Seeking certainty from central govt

As the new government nears its deadline for its ambitious 100-day plan, it’s been quite a whirlwind start for Parliament and despite some controversy, it’s been an impressive beginning to the triennium.

The 100-day target, largely an American tradition, has become a litmus test for newcomers to politics like myself, to see if they can truly fulfil the promises made during the campaign trail.

It’s an important milestone that reveals how much can realistically be accomplished in just three months.

However, Prime Minister Christopher Luxon and his party have turned this into something else entirely, using this target and their 49 priorities as a manifesto to push every last bit out of their ministers.

Regardless of your political stance, it’s hard to deny the progress made in such a short time.

But the question remains: does speed and confidence in achieving deliverables actually lead to better outcomes for New Zealand?

The answer to that will take far longer than 100 days.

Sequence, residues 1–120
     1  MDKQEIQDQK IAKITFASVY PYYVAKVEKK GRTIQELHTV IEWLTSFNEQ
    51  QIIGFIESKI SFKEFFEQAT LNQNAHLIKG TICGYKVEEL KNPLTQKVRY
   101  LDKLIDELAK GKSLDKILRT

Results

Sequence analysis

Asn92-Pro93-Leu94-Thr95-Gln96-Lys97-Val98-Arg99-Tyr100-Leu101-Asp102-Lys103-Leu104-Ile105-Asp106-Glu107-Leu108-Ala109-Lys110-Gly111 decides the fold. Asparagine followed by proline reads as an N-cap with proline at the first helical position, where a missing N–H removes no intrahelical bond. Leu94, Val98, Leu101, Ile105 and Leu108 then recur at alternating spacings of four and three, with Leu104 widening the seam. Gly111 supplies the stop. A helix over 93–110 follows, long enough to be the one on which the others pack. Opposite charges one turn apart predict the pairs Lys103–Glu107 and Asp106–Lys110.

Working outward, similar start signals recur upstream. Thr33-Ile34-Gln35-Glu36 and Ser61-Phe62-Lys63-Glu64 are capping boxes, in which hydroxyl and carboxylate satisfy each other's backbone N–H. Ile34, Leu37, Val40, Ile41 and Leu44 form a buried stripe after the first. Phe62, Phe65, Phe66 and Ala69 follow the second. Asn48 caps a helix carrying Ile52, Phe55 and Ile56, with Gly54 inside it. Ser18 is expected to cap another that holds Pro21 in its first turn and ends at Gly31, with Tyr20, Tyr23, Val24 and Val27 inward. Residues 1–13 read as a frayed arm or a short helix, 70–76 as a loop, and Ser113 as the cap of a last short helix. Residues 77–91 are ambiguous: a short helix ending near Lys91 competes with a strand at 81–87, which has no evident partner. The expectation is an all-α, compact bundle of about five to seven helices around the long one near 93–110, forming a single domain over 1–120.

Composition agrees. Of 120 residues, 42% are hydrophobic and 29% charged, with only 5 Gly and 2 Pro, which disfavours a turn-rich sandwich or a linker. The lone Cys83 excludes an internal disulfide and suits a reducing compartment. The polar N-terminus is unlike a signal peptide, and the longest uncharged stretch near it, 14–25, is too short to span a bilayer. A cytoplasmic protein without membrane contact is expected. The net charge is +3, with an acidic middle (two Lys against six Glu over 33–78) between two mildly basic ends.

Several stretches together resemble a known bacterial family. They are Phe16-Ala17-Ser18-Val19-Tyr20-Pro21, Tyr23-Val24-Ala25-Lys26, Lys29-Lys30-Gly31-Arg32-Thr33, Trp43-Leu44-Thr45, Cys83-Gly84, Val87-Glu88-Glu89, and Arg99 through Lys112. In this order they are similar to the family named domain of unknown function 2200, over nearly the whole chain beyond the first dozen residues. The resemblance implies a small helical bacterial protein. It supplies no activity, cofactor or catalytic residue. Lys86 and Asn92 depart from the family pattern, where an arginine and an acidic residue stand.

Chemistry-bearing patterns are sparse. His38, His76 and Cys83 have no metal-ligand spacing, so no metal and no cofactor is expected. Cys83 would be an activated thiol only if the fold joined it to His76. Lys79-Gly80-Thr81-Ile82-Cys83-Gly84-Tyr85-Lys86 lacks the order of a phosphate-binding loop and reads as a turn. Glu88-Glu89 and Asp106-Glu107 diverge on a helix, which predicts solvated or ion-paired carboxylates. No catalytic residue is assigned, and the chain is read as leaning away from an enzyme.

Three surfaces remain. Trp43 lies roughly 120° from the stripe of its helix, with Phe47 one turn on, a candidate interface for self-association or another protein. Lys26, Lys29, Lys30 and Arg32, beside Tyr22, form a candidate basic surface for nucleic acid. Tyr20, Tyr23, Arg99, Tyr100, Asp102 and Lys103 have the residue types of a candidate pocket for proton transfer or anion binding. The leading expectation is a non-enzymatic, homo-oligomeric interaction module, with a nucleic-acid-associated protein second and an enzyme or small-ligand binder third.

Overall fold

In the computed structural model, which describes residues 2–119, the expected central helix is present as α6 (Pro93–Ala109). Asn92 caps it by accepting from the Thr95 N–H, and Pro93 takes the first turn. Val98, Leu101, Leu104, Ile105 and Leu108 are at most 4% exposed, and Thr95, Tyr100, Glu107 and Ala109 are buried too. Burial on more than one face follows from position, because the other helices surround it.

For local government, while it’s encouraging to see the repeal of Three Waters and RMA, it ultimately transitions us from a state of uncertainty to a state of certain uncertainty.

Most, if not all, of these repeals lack concrete solutions or timeframes.

The repeal was the goal, and the solution is something we’ll have to wait 12-18 months for.

What does this mean for your local council as we approach a long-term plan year?

Long-term uncertainty.

Councils continue to forge ahead regardless of the fluctuations from Wellington, making decisions based on what’s on the table.

Last year, Three Waters was gone; this year, it’s back.

Sadly, this means ratepayers across the country will likely need to use their promised tax cuts to cover rate hikes.

Like government departments, councils will be tightening their belts and trimming any "fluff", but there’s no longer any room to underfund critical infrastructure. We must fund the basics.

For places like Gore, those basics are becoming increasingly unaffordable and without diversification of funding sources, the future is bleak.

So, what am I hoping for in the next 100 days?

A genuine commitment to following through on the promises of localism, devolving power into the regions, and providing the actual capability and capacity to maintain the assets that we own.

This won’t be achieved in 100 days but will be an important step in the right direction to give our ratepayers the certainty they deserve.